Sure, anyone who wants to understand persuasion, rhetoric, should be looking to MLK’s speeches. James Baldwin did some pretty hot stuff. There’s a certain amount of difficulty in replacing Chaucer and Shakespeare though, given the spread of the language back then, eh? Even Austen’s too early for there to be much written by anyone of a duskier hue.

There’s an important number missing here

Oxford University has been accused of “social apartheid” after figures showed that nearly one in three colleges failed to admit a single black British A-level student in 2015.

Data requested by David Lammy, the former Labour minister for higher education, and published by the Guardian, showed that 10 out of 32 Oxford colleges did not admit a black British pupil with A-levels in 2015.

How many applied? Without that we’ve no chance at all at working out where the filtering is taking place, have we?

Well, yes, I think we could support this

The former Labour education minister Andrew Adonis has reignited one of the oldest controversies in British education by calling for the clock to be turned back on polytechnics granted university status.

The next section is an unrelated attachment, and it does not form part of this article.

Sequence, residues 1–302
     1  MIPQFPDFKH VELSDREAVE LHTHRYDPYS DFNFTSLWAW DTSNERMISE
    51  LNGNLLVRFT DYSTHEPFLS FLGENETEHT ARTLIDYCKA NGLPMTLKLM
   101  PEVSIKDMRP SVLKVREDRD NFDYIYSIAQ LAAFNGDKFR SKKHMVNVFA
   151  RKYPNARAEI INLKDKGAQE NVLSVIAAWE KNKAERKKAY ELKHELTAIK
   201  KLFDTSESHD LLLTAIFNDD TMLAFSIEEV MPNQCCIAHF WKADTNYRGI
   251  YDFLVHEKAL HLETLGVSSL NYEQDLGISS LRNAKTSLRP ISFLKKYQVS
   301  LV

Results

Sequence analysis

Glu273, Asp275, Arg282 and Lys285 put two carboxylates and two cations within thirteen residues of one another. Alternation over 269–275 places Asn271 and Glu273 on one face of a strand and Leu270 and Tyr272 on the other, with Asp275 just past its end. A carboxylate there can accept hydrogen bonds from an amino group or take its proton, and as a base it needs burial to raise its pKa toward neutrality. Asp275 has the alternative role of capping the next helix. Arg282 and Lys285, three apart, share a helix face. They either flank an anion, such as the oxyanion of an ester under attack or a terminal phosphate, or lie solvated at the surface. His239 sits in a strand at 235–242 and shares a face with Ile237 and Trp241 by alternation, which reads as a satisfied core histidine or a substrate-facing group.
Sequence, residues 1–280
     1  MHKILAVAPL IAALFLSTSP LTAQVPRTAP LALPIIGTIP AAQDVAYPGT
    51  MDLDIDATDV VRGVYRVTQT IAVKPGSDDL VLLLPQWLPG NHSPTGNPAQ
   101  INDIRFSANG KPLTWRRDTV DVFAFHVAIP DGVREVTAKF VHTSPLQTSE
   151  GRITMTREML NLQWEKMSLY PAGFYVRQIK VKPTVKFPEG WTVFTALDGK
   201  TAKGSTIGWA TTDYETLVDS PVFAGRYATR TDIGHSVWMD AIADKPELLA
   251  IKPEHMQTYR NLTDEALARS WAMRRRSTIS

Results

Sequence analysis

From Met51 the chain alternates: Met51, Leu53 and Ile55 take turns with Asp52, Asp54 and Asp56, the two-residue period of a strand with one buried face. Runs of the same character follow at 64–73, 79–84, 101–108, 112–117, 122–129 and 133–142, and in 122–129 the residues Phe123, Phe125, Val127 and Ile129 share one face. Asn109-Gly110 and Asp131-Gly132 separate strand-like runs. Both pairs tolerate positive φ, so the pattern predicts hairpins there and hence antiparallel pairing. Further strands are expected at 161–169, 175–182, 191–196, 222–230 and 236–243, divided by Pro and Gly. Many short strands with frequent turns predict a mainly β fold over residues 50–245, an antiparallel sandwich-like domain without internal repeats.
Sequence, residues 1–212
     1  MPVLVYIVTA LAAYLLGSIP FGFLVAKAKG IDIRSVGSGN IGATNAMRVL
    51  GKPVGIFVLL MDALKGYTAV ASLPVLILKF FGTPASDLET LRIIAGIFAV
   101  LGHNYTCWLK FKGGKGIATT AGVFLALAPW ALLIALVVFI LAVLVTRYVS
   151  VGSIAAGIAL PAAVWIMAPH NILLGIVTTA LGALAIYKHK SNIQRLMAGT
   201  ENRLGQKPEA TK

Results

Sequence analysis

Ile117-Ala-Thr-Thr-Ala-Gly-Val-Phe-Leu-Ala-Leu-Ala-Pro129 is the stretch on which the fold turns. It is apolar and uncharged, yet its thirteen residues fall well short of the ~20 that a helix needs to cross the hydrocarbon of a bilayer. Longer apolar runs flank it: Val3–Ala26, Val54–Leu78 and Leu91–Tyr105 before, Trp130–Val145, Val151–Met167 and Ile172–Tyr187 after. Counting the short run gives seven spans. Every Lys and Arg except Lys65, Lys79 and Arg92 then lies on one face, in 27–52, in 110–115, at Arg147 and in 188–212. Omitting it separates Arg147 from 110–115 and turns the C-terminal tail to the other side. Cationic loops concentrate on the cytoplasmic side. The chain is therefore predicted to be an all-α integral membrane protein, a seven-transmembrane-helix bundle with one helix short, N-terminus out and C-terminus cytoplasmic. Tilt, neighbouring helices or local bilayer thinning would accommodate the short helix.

Lord Adonis told a House of Lords committee that the government’s decision 25 years ago to allow more than 30 polytechnics to take the title of university was a mistake, and argued for the removal of the status from what he termed “the lower-performing former polytechnics”.

“I do think it was a very serious mistake – and I would never have done it as minister – to have rebadged all of the polytechnics as universities in 1992, which was a reform done without any proper consideration or advice,” Adonis told the committee, during a hearing on education funding.

And of course the third grade, like Islington Technical School, should be on a level lower once again.

Hmm, maybe the resignation is a good idea